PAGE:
WHY CATHOLIC: Pray (Sample Session)

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Copyright RENEW International. Do not reproduce.
Contents Foreword v Presenting RENEW International vi Introduction vii Session 1 What is Prayer? 1 Session 2 Prayer in the Old Testament 9 Session 3 How to Pray 18 Session 4 Expressions of Prayer 26 Session 5 The Sources and Ways of Prayer 35 Session 6 Guides for Prayer 43 Session 7 Vocal Prayer and Meditation 50 Session 8 Contemplative Prayer 57 Session 9 Difficulties in Prayer 63 Session 10 As Jesus Taught Us: The Lord’s Prayer 71 Session 11 We Glorify God: The Lord’s Prayer 77 Session 12 We Depend on God: The Lord’s Prayer 84 Why Catholic? Resources from RENEW International 92

session one

What is Prayer?

Suggested Environment

At the beginning of the opening prayer, burn incense: its rising smoke is a traditional symbol of prayer. As the incense is lit, recite the Scripture verse: “Let my prayer be counted as incense before you’’ (Psalm 141:2). As an alternative, have a bowl of water on a small table with the scriptural verse, “Oh, everyone who thirsts, come to the waters’’ (Isaiah 55:1). You may also have a Bible—open to the reading for this session—displayed on a small table along with a burning candle. Consider decorating the table with the color of the liturgical season and other symbols of faith.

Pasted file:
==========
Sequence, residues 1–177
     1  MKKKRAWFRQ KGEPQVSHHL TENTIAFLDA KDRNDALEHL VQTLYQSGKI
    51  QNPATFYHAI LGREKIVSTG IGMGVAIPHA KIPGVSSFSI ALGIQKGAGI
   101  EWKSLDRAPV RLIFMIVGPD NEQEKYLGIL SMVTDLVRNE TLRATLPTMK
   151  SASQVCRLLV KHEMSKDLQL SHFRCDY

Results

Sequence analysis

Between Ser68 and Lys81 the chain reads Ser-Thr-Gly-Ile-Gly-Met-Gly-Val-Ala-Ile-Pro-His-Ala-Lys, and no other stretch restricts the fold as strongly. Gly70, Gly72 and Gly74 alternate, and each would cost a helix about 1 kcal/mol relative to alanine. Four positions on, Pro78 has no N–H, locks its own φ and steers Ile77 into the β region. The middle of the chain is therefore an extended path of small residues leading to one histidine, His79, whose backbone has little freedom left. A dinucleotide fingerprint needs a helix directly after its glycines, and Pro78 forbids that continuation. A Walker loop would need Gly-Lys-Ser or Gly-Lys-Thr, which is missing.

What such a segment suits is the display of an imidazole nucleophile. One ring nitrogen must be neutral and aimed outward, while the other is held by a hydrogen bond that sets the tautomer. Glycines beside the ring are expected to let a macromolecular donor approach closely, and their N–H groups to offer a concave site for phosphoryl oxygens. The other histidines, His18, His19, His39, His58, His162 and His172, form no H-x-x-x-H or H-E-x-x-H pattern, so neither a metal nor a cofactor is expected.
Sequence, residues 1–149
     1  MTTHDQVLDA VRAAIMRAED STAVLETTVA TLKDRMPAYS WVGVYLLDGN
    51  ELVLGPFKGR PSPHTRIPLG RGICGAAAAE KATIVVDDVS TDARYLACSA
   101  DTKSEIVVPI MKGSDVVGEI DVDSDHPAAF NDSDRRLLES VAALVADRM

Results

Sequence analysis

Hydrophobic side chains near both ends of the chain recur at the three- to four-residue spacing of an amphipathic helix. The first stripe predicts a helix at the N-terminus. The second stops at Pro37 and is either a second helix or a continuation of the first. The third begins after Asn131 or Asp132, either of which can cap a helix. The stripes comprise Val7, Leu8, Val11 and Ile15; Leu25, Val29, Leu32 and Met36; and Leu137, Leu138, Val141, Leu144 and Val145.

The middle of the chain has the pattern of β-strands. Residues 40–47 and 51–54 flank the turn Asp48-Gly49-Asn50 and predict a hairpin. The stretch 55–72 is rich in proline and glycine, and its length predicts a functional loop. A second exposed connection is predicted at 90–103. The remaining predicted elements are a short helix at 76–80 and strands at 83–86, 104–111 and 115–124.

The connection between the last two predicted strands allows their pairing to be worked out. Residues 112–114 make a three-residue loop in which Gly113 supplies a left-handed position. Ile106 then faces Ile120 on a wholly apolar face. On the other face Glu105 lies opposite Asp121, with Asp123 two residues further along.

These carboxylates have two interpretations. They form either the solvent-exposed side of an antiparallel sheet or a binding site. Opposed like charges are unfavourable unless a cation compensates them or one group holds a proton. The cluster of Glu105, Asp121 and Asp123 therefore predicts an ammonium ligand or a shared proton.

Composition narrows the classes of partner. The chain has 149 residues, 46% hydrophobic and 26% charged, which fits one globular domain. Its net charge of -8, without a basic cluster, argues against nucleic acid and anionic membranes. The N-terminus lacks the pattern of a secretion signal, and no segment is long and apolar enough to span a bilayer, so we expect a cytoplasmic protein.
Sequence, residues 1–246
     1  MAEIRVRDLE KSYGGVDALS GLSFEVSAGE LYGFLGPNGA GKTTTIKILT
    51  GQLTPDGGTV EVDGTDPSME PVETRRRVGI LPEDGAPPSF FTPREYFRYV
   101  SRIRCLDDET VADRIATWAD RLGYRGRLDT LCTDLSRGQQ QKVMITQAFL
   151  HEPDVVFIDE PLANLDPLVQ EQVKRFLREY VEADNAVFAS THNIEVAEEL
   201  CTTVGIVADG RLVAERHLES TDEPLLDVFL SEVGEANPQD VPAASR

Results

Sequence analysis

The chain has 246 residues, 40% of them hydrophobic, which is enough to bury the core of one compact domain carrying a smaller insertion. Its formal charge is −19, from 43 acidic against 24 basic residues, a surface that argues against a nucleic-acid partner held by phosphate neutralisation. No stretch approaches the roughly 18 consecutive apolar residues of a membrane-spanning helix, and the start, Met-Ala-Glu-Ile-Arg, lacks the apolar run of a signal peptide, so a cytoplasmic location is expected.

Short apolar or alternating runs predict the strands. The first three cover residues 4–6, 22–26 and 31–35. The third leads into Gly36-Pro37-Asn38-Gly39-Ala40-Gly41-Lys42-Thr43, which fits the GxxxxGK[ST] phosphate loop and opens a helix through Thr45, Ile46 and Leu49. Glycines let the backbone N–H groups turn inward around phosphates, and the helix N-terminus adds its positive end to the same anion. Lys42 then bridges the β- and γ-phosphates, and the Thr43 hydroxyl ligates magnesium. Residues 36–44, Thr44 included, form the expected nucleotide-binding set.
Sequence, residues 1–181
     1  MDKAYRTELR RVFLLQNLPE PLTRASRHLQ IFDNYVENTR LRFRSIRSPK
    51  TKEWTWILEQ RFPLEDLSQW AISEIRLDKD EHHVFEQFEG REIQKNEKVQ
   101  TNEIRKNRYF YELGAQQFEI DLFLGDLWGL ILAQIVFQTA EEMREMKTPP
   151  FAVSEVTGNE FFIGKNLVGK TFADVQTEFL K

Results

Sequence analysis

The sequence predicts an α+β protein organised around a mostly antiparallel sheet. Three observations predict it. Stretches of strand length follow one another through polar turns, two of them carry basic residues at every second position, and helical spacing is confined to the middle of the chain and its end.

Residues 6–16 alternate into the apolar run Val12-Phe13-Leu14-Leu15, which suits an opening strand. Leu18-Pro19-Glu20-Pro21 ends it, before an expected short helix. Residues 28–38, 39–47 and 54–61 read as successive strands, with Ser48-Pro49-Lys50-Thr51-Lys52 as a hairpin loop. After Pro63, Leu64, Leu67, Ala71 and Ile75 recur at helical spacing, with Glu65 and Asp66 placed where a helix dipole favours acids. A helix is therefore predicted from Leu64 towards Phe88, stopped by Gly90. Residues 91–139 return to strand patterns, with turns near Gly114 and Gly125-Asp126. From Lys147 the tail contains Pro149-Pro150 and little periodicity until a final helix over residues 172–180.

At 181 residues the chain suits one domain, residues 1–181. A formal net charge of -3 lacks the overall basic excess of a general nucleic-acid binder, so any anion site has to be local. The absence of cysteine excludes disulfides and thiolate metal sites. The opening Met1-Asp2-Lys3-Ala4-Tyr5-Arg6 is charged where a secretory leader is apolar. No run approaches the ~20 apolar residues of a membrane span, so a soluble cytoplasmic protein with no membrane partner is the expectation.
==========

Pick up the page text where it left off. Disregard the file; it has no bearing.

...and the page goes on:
In addition, it is helpful to have available the Catechism of the Catholic Church (CCC) and the United States Catholic Catechism for Adults (USCCA).

Lifting Our Hearts

Song Suggestion

“Open My Eyes,” Jesse Manibusan


Prayed together by alternating groups or by participants on alternating sides of the room:

Group 1 Ever-present God, we come now to rest in you. Our days and weeks are filled with activity.

Group 2 But now we want, we need, to take this time to calm ourselves, to reestablish our priorities, and to spend time with you, our Creator and friend.


Group 1

Group 2

Help us to be at peace, to sit in your presence, to ponder how much you love us and are waiting for us to come to you.

Increase our faith and hope in your Son, Jesus Christ. We know he is present with us. We thank you for his presence and his everlasting love.

All Holy Spirit of love, give us a great desire to pray, to develop that intimacy that you desire with us. Keep us always in your love and grace. We ask this in the name of Jesus Christ and in the power of the Holy Spirit. Amen.

Reflection 1

Prayer is God’s gift